Maybe we should just skip Thanksgiving this year. Given the political climate, is it prudent to gather a diverse group of people around a dining table where a carving knife plays such a prominent role?
And there are so many soft, creamy foods—pumpkin pie, sweet potatoes, cranberry sauce—that would be perfect vehicles for arsenic.
Corn bread and biscuits can be repurposed as projectiles.
Even the Thanksgiving lingo is fraught with ambiguity. “Turkey” is poultry to be consumed or an insult to be dished out. Take “stuffing,” which can be a toothsome, fat-laden side dish or it can be mean an aggressive way of filling a relative’s mouth with a sock.
And the before-meal grace? What a landmine!
Dear God, we are so grateful that you have delivered to us a man who will make our floundering nation great again!
Heavenly Father, We thank you for this bounty and humbly ask for your guidance in removing the dark stain of Satan from the Oval Office.
Don’t want to foul/fowl up Thanksgiving? Ban politics.
There are always the usual social lubricants we can fall back on:
- The weather, how it’s hotter or colder this year than last or the blizzard back in ought two.
- The tip you learned on FB about how to change your life with Ziploc baggies.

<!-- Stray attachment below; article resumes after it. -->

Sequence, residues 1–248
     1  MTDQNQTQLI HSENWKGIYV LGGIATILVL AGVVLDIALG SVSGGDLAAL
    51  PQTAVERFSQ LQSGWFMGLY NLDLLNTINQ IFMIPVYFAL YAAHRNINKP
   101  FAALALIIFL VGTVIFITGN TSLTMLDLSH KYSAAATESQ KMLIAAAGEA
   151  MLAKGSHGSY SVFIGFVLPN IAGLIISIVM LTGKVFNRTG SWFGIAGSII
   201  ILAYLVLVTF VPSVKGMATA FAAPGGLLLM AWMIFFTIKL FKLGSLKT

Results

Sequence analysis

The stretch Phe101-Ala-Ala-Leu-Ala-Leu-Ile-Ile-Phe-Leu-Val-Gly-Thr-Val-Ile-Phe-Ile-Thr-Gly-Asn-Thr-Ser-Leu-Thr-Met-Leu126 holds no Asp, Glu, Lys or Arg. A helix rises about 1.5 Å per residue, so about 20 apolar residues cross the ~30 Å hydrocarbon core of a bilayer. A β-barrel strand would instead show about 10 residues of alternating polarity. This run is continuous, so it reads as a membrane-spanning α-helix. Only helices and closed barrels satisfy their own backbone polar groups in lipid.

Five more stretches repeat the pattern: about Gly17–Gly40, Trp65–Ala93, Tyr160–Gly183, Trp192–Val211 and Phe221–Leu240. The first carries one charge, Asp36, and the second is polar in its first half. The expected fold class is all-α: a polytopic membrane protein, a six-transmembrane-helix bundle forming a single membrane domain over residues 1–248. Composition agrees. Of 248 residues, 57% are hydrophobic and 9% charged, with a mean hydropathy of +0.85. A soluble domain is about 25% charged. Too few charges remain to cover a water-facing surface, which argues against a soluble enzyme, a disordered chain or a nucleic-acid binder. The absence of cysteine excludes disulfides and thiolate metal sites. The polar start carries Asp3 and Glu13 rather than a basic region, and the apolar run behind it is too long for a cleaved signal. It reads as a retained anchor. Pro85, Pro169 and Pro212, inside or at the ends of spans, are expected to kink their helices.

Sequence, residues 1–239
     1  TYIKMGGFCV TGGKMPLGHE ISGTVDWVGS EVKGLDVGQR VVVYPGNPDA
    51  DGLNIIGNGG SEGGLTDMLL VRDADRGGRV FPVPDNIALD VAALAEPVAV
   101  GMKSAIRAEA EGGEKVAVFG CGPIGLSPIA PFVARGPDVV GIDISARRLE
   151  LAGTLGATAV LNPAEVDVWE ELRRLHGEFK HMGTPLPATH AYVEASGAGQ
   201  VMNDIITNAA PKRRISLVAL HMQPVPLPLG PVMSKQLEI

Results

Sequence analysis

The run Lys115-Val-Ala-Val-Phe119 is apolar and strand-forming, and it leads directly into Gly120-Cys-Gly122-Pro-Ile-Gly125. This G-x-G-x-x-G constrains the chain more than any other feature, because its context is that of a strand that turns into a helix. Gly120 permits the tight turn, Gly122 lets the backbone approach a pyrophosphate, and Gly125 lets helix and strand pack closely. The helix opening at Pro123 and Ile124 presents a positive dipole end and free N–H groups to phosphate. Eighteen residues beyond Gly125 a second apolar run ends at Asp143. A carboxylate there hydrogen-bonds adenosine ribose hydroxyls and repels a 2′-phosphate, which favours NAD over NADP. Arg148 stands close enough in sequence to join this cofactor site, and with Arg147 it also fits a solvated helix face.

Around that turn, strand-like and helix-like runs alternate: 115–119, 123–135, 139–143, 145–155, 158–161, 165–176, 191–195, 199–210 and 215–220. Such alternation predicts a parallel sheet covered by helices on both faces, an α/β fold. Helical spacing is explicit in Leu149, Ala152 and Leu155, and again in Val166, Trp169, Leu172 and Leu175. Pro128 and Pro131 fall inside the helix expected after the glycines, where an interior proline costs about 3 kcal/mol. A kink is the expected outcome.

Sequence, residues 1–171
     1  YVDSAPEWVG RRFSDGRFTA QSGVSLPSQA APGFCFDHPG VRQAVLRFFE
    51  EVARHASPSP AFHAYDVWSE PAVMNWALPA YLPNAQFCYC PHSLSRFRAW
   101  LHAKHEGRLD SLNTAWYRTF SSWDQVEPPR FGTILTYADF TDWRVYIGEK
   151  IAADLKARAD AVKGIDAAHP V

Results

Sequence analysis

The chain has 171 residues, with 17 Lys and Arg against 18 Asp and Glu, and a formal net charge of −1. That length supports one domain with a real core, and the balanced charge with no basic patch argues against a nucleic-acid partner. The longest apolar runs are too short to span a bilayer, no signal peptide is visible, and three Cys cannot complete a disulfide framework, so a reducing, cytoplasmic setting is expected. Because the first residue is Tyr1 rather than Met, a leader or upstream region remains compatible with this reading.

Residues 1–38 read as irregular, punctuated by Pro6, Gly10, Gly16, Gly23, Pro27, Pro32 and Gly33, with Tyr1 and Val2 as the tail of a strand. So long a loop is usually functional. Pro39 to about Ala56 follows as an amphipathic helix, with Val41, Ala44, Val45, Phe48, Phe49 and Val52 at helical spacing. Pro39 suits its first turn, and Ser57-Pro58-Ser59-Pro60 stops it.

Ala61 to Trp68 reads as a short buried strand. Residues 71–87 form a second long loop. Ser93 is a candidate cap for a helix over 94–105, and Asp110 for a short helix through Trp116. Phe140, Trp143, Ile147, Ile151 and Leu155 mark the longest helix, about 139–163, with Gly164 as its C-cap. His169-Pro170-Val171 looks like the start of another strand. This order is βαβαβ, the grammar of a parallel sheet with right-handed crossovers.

- The speed trap in Elmwood Place.
- The merits of white vs. dark meat.
- The year Junior ate three pieces of pie and threw up in the dog dish.
- And howsabout those Bengals?
Here are some ideas for spicing up, without burning down, the Thanksgiving table:
- Pass around baskets of random snapshots from the past and remember the good old days. Laugh about the 70s bell bottoms, the 80s hairstyles. Linger over those of Grandma and the old farm house.
- Tell the youngsters the stupid things you’ve done. Like the time you spent $14 trying to win a teddy bear at the fair. Kids love to hear how the old folks messed up, and maybe, just maybe, they’ll learn from our mistakes.
- Tell stories about loved ones who are no longer at the table. How Great Grandma Seilkop made butter and sugar sandwiches for hobos during the Depression. How Grandpa Gil financially supported the Cherokee Nation. How Uncle Lou fought in the Battle of the Bulge.
Look people. You would probably give a kidney to anyone at your Thanksgiving table without a second thought. You played together when you were kids and sat on your aunties’ laps without any discussion of politics. This is not the time to lean into difference.
Neither Donald Trump nor Hillary Clinton lead our families. We are in charge of our own families. We look to our elders to remind us of our values and priorities; we look to our children for hope; we look to our hosts for their generosity and hospitality. We are all Americans, lucky us, and there is no room for hate at our table.
Strong families help make America great. Strong families and pie. Lots of pie.